What a week in Alexandria.
Public uproar over Sunday’s flooding spilled out throughout this week, which continued to be threatened by near-daily flash flood advisories from the National Weather Service.
Our top story was on Alexandria Sheriff Dana Lawhorne, who criticized City Manager Mark Jinks on the city’s stormwater infrastructure. Mayor Justin Wilson says that multiple projects are underway and take time, and that the city is now looking into whether spot improvements and any other projects can be accelerated.
The group DrainALX has also gained popularity, as it continues to catalog stormwater issues and complaints. One Del Ray resident even told us that she’s turned to therapy after repeatedly spending thousands on a continually ruined basement.
Our weekly poll also found 55% of respondents (193 people) have experienced flood damage to their homes, 14% (74 people) have experienced other sorts of property damage and 31% (159 votes) have never had any property damaged by a storm in the city.
This weekend’s forecast is partly cloudy with a 50% chance of scattered thunderstorms on Saturday afternoon, followed by a 40% chance of thunderstorms Sunday night.
The week before school starts, the School Board unanimously approved Thursday night the requirement that ACPS staffers get the coronavirus vaccine.
“We do have authority to require testing and require vaccinations,” Superintendent Gregory Hutchings, Jr. said at the board meeting. “However, there have been no cases where someone has contested that requirement. That has not occurred as of yet, and I’m sure it’s going to begin soon…”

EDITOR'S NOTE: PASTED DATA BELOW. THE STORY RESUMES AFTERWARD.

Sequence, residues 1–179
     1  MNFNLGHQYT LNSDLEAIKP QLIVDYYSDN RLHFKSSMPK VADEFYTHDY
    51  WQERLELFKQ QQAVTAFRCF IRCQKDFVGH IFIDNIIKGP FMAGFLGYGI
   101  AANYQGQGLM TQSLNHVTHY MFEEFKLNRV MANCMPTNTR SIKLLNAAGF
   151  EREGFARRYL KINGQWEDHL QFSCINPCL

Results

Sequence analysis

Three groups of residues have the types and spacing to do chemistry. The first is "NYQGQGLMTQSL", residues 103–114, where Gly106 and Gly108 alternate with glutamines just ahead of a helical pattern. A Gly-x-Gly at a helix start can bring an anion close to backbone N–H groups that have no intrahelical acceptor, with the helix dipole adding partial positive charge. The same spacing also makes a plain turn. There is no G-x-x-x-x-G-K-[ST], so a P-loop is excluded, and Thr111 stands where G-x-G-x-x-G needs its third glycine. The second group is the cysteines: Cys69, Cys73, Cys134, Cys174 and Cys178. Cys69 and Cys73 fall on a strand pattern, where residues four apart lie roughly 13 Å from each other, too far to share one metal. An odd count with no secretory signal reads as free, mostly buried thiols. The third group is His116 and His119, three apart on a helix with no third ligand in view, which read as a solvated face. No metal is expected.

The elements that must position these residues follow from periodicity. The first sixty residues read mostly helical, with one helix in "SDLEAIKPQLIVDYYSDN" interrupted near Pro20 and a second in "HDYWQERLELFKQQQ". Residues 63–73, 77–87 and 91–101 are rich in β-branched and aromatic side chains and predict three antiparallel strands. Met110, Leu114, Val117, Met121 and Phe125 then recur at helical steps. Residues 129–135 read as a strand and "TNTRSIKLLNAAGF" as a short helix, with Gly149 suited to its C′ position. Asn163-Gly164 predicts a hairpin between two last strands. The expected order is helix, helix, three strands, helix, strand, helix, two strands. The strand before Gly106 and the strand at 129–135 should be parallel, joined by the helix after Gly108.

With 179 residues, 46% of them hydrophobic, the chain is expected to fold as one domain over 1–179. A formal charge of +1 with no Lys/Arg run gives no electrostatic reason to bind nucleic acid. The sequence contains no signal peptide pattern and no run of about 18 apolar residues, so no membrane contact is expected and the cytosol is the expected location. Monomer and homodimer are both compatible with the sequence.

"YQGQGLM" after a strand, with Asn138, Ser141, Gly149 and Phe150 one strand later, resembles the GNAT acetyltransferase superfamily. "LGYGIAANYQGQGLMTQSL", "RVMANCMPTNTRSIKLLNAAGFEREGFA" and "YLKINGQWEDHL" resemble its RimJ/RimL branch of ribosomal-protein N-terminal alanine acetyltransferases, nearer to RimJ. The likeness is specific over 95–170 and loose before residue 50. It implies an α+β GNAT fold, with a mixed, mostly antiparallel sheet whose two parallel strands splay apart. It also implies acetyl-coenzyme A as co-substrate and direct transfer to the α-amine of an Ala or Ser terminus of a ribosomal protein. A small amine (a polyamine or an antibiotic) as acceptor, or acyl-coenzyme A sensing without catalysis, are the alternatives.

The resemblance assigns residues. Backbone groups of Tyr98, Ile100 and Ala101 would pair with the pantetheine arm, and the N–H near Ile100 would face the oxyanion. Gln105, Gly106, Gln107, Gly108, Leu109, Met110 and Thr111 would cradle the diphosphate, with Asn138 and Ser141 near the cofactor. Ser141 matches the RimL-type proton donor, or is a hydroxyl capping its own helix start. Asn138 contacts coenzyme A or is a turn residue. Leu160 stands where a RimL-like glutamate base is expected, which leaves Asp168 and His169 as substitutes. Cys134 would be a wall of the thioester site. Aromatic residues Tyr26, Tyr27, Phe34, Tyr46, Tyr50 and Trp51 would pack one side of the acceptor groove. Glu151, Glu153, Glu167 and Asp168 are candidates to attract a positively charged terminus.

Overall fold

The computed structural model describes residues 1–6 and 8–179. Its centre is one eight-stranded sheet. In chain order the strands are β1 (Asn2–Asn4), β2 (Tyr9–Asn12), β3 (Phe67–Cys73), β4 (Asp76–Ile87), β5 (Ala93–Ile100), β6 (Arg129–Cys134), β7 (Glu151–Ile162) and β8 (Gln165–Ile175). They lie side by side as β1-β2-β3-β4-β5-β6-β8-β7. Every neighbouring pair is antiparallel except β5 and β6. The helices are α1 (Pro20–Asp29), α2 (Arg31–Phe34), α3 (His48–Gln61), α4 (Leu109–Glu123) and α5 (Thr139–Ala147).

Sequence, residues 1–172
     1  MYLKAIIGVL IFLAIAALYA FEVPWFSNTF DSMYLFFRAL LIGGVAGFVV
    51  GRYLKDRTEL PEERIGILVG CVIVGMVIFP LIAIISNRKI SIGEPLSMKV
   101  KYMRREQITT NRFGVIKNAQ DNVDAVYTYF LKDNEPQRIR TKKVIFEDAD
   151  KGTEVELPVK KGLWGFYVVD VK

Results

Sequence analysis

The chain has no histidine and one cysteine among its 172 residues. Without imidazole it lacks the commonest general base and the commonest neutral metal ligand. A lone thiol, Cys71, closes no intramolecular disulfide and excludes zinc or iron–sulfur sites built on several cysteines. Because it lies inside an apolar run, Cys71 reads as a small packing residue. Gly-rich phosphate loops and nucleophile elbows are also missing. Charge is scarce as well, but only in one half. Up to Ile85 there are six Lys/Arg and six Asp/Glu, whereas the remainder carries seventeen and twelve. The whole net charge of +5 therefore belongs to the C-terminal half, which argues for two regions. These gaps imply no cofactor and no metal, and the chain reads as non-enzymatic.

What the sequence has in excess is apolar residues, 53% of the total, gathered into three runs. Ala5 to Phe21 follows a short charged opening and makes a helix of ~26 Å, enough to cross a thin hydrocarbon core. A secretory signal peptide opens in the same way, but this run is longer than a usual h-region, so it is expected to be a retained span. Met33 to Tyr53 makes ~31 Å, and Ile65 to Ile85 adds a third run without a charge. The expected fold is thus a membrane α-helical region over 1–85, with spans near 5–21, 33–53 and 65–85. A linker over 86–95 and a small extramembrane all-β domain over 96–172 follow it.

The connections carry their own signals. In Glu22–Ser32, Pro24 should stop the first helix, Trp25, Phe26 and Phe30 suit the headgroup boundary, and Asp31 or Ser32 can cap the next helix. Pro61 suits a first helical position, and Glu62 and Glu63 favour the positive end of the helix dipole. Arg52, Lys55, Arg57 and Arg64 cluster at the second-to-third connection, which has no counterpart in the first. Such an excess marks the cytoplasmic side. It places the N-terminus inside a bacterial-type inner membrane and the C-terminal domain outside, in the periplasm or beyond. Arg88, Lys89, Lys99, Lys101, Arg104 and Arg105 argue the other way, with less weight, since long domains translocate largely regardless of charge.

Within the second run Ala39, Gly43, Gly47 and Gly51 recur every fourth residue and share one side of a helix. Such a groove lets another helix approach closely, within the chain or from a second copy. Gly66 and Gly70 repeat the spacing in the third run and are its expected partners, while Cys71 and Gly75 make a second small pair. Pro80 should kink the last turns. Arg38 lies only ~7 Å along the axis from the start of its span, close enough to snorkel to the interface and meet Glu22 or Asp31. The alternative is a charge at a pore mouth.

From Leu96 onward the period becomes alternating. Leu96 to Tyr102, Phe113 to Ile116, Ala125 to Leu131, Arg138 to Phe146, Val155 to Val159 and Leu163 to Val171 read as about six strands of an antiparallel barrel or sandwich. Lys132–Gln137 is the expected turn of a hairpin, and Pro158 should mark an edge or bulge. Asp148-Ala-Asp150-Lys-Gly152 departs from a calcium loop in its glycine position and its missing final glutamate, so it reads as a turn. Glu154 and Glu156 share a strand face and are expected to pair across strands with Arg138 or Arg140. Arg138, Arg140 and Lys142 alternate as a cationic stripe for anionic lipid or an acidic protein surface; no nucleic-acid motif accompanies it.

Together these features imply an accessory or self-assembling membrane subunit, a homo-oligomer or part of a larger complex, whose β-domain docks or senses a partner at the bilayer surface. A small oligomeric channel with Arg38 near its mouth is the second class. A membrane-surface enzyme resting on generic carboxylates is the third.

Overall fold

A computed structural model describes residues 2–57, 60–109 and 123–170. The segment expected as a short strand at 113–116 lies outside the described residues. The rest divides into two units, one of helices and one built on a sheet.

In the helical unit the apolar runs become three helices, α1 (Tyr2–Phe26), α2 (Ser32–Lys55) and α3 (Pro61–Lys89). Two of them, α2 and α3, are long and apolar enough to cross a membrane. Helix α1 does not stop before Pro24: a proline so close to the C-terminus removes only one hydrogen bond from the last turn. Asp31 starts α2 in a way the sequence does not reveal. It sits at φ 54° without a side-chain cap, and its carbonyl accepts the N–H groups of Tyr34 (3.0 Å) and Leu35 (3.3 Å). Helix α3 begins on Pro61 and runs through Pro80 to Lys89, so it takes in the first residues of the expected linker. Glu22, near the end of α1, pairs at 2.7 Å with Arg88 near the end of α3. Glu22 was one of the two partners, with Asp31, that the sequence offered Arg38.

In the meantime, Alexandria is also prepping COVID-19 vaccine mandate for city employees.
- Alexandria Fire Department rescued several people Sunday, weekly forecast looks stormy
- New census shows Alexandria not majority-white
- Olympic boxer Troy Isley welcomed back to Alexandria
- Mayor Wilson talks flooding, vaccine requirements, and Arlington gondola with WAMU
- Man arrested for domestic violence, pointing gun at wife’s head in Del Ray
- Alexandria kicks off Restaurant Week
- Evolving COVID-19 decisions loom as Alexandria City Public Schools fully reopen next Tuesday
- With high transmission levels, Alexandria says third COVID vaccine dose is available for severely immunocompromised residents
- Alexandria Tutoring Consortium launches $25K fundraiser to expand virtual reading program for young kids
- Barricade situation in Landmark area ends in arrest
- As Alexandria looks to accelerate stormwater projects, Sheriff gives city manager a D-